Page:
Hexakill Twisted Treeline After the first outing of Hexakill and the warm reception it received, we felt like it was a good candidate to bring back. As with One For All: Mirror Mode though, we don’t want to just resurrect the exact same mode from last time. We wanted to turn up the volume on the design goals of the original Hexakill (being to shake up how you think about and execute on established meta on a given map). That led us to port the mode over to the Twisted Treeline. This is a good example of how we want to improve modes each time before we re-release them.

What do you mean by “improve a mode before re-releasing it”? It depends on the mode, but it’s always heavily informed by player feedback. In the case of Hexakill, we wanted that exaggeration of the original design intention. Hexakill on SR just wasn’t different enough; going from 5 to only 6 players didn’t really make you change the way you played that much. Twisted Treeline felt much higher impact because we were essentially doubling the player count on the map.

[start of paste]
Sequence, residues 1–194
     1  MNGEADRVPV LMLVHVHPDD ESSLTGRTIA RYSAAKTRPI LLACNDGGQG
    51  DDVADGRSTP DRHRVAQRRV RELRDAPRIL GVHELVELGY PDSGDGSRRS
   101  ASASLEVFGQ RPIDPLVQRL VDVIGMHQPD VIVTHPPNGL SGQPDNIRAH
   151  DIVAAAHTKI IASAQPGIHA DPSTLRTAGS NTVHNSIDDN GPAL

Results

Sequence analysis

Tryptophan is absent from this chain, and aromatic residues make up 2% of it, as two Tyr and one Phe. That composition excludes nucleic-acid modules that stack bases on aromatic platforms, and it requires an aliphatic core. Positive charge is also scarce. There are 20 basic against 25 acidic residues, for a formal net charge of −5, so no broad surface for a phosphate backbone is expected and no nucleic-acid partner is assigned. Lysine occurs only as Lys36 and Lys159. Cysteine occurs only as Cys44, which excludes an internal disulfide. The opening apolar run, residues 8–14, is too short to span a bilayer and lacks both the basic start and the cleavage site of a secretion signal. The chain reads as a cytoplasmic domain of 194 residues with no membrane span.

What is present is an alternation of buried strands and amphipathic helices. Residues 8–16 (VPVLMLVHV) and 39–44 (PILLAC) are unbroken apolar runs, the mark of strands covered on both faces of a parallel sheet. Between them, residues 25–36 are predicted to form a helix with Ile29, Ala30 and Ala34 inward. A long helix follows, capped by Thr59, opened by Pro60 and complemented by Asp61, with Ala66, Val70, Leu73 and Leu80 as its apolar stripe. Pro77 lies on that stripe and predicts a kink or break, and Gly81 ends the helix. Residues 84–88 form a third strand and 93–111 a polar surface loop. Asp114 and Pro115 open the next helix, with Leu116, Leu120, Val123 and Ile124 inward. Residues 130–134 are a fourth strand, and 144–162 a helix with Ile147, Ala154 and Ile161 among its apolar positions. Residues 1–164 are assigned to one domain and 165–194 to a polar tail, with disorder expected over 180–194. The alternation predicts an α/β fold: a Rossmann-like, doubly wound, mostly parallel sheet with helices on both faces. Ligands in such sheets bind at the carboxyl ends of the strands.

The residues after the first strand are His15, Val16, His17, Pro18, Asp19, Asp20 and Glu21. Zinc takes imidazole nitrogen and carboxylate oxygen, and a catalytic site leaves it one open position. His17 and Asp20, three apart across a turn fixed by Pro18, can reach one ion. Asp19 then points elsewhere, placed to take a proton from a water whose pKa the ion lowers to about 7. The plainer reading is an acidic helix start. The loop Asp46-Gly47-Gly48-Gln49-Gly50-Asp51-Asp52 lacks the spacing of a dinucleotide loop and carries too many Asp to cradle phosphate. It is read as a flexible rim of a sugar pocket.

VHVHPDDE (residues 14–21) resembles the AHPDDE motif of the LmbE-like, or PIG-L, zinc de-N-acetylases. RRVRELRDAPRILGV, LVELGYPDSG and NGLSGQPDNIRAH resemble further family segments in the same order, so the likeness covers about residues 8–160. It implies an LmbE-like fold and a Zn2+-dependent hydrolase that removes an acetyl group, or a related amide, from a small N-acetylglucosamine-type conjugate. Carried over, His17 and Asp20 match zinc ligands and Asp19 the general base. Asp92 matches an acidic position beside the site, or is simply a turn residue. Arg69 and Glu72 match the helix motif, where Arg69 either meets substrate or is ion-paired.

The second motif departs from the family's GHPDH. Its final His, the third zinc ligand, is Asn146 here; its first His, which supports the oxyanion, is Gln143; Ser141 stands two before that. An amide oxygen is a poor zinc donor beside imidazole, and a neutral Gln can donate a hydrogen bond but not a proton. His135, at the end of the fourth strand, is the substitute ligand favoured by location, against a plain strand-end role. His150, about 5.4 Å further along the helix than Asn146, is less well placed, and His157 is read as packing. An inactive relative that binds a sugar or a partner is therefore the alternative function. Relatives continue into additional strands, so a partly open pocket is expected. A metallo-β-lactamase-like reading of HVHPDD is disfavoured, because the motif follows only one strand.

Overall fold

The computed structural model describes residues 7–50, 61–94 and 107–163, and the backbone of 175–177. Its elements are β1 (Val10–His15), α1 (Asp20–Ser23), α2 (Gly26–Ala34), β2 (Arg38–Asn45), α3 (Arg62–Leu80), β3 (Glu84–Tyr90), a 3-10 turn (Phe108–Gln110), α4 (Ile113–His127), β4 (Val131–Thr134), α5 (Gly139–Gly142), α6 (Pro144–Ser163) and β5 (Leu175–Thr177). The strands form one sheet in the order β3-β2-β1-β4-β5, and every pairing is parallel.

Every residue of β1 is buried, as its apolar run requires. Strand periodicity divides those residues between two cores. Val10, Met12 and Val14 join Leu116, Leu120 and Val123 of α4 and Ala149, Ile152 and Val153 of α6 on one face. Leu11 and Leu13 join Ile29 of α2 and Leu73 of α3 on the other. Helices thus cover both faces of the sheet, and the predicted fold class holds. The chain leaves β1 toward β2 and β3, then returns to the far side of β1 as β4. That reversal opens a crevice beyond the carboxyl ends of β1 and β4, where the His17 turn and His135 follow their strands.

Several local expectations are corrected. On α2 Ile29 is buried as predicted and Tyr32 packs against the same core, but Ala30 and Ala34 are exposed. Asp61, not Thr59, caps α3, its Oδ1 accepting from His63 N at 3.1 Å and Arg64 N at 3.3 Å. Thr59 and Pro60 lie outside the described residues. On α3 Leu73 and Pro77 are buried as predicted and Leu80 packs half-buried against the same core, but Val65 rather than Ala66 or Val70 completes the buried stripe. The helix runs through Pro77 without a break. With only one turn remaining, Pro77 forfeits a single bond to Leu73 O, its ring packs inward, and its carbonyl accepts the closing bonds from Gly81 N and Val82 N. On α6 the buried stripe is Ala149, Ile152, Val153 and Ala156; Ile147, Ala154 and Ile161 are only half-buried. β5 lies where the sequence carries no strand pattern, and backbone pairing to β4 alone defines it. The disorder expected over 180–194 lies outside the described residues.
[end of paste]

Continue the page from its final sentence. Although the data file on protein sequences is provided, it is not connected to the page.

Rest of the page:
Legend of the Poro King was seeking to change the way players thought about combat on the Howling Abyss. That we were able to introduce everyone to the grandest most splendiferous King of all the Poro’s himself was just an added bonus. I want to call out the Poro Toss summoner spell here as well, which gave an across-the-board bump in viability to some historically unpopular picks. Even with picking your champs, engage from the Poro Toss summoner spell was able to wing clip the power of some notoriously strong Howling Abyss champs. It was an overall healthier experience, seeing good champion diversity and lots of big plays."

References[change | change source]

  1. http://news.cnet.com/8301-17938_105-57531578-1/league-of-legends-the-worlds-most-played-video-game/